Simpson Weems thinks of himself as a poet, though he has not written anything since college, fifteen years before. He has spent those fifteen years working in a copy shop and helping his aging mother and his hyper-religious, mentally defective (though highly intelligent) brother, Bartholomew. All the while he has been plotting his escape to San Francisco, where he intends to follow the tradition of the great Beat poets. Simpson is convinced that freeing himself from his clinging family and starting anew in San Francisco is the only way he will ever be able to write again—even if he has to resort to murder to get away. Yet it is clearly not only his family that interferes with Simpson’s artistic ambitions. Simpson is almost a parody of the blocked writer. He has become:

a ruthlessly efficient self-cancellation machine that rejected as unworthy each little idea and would not accept a rough draft.

Simpson Weems is not only a blocked writer, he is a blocked human being. He is no more capable of addressing his personal problems than of writing a poem. Impotence of one kind or another is a recurring theme. Repressed or otherwise inhibited sexuality afflicts almost every character. Even the fire alarm in Simpson’s apartment is unable to respond with sufficient vigor:

An electronic voice warned, “Fire! Fire!” but the batteries were low, so the warning sounded like a mortally wounded Confederate artillery captain ordering “fiyah . . .”

Only the city itself seems able to sustain any passion. New Orleans is as much a character as are the people in the story. The narrative is drenched with the weather, the smells, the very heaviness of the air in New Orleans. A sense of impending doom hovers over this pre-Katrina setting:

The land, unreplenished, was sinking, the seawater coming closer, and, although few could bear to think about it, some could foresee the day when New Orleans would be surrounded like the city of Venice—gondoliers on Canal Street—and finally would be inundated like Atlantis. Eventually the man-made structures would collapse and sink beneath the salt water, and once again the Gulf of Mexico’s waves would wash up against the bluffs at Baton Rouge, as Mark Twain in Life on the Mississippi said they used to do. In time to come, legends would tell of the enchanting river city that subsided, submerged—sunk beneath the weight of sin and corruption, some would say—and centuries from now they would wonder whether such a place had ever really existed.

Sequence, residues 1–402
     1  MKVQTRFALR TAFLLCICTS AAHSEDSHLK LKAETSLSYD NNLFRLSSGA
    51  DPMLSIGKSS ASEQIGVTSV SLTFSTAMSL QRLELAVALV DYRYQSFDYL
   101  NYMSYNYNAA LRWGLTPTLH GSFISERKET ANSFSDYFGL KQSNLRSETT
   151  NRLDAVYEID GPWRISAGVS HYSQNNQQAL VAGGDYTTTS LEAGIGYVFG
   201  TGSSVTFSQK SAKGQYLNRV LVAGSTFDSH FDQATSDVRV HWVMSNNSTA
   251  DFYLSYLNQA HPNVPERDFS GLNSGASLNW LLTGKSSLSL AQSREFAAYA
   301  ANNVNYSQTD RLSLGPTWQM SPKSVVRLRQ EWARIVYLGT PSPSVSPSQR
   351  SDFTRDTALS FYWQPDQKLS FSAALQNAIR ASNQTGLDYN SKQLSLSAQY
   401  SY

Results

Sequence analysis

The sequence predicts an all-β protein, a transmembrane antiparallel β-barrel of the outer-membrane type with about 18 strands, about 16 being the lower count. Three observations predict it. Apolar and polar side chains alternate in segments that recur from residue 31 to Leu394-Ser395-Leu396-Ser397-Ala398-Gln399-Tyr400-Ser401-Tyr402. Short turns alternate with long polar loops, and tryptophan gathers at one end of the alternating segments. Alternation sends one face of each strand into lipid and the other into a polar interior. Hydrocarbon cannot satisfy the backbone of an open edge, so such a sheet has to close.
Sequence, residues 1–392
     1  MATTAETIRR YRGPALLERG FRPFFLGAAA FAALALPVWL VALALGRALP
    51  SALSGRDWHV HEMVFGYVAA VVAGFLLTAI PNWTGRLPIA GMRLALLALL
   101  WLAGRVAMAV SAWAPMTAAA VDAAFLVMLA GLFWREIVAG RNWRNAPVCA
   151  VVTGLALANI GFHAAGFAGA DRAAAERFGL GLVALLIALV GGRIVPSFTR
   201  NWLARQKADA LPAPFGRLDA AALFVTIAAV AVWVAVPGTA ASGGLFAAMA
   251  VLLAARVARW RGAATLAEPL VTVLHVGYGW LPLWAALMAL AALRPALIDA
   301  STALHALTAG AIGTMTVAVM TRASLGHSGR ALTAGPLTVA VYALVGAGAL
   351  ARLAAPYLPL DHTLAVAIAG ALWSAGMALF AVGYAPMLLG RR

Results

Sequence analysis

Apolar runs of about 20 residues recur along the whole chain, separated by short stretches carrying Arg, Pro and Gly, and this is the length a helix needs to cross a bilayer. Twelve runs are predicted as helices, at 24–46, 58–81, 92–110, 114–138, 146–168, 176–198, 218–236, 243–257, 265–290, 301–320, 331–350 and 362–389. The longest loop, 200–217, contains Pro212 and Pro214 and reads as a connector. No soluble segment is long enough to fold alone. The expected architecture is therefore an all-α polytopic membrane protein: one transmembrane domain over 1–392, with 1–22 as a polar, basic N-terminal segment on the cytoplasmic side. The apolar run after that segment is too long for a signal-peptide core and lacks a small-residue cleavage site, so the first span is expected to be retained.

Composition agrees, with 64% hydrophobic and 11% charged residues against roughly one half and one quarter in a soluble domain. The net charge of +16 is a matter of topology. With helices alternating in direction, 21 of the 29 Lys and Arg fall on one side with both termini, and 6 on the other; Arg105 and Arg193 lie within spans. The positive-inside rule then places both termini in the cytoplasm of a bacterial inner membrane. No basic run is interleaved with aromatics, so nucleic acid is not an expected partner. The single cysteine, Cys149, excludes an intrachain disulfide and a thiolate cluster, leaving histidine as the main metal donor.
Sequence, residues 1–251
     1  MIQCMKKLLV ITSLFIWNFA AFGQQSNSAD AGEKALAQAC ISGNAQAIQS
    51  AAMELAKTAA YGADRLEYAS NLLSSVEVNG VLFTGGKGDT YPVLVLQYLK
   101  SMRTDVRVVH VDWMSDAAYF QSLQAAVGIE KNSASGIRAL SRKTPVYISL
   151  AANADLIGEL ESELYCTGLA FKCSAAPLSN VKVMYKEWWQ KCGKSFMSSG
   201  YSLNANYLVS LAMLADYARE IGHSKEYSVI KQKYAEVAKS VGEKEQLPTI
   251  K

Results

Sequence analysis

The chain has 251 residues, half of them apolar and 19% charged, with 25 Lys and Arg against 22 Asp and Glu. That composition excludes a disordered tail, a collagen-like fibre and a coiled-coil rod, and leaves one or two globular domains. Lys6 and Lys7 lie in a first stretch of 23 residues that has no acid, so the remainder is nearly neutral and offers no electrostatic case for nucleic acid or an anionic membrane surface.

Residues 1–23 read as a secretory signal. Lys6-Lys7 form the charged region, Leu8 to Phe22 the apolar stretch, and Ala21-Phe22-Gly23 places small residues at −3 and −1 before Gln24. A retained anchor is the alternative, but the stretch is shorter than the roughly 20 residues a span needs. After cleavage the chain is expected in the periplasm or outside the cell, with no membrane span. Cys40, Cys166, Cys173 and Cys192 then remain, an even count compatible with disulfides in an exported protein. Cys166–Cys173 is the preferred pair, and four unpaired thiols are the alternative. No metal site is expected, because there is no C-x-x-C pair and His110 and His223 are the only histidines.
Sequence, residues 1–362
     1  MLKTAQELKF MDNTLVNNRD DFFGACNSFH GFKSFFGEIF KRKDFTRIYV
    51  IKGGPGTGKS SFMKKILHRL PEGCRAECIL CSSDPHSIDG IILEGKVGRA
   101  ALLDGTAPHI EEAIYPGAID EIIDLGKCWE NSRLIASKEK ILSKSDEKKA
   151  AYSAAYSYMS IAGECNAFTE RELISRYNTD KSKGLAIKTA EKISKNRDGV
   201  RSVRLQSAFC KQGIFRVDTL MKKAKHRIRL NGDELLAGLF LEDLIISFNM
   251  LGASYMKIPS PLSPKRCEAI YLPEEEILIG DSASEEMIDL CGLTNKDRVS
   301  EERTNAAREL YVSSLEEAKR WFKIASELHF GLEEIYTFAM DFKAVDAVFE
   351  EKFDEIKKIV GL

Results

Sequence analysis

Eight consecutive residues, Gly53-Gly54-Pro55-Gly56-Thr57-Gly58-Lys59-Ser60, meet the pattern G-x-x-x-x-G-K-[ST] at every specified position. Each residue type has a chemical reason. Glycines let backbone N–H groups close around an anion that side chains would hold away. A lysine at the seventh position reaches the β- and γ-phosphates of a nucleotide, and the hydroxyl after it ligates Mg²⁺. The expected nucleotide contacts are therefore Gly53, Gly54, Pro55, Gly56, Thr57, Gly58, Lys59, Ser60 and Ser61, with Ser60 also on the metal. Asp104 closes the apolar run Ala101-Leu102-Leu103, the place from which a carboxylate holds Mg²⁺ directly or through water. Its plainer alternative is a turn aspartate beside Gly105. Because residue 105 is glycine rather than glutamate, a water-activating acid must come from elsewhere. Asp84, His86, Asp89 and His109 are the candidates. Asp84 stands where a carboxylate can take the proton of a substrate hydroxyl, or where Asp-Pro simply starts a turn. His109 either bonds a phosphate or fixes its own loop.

And it is the city as much as Simpson’s family commitments that hold him:

Just saying the streets’ names felt like casting a spell. Was he seriously going to move away?

As Simpson’s story is told in flashbacks of the Weems family history, the point of view moves capriciously from character to character, as if searching for truth, or if no truth is to be had, a position from which an acceptable approximation can be fashioned. By the end, however, we are firmly in Simpson’s world where he finally manages to take definitive action in life, though not quite the action he had planned, and with slightly different results than he expected.

This is an impressive debut that will leave readers looking forward to Laflaur’s next offering.

The Uninvited

Liz Jensen

Bloomsbury, 2012


This is the third Liz Jensen book I’ve read, and it is my favorite so far. I thought it would be hard to beat The Ninth Life of Louis Drax, but I think I love The Uninvited even more. In this one Jensen again visits the themes of environmental apocalypse and psychotic children. Trust me, this works better than it sounds.

Children all over the world are wigging out and killing beloved adults: their parents, grandparents, teachers—usually in bizarre and gruesome ways. Meanwhile, the narrator, Hesketh Lock, who is a corporate anthropologist, is trying to get to the bottom of a series of acts of equally bizarre corporate sabotage.

Lock has Asperger’s syndrome, which turns out the be a perfect way to tell this story—Lock is, as you might expect, a perfectly reliable narrator. Jensen manages to keep him true to his quirky personality and yet have him show surprising insight into the remarkable things that are happening around him. You might not expect it, but the reader comes to really care about Lock. Jensen does a superb job of letting you get to really know a character who is on so many levels unknowable.

The bizarre events both in the corporate world and in homes reflect the bizarre events going on in the world. Lock is the only one capable of seeing the patterns and making sense of what is going on. What is actually happening turns out to be more profound than horrifying, and the ending, while not exactly happy, is more uplifting than that of The Rapture.

The Forest Unseen: A Year’s Watch in Nature

David George Haskell

Viking, 2012

Sacred art in Hindu and Buddhist traditions often takes the form of mandalas. Mandala is a Sanskirt word that can be translated as circle. In Indian religions, beautiful Mandalas are used, among other things, as aids in meditation. Because they represent the wholeness and unity of all life, and of the universe itself, they can help one to ponder very large ideas by contemplating a very small space, or as the poet William Blake said, “to see a world in a grain of sand.”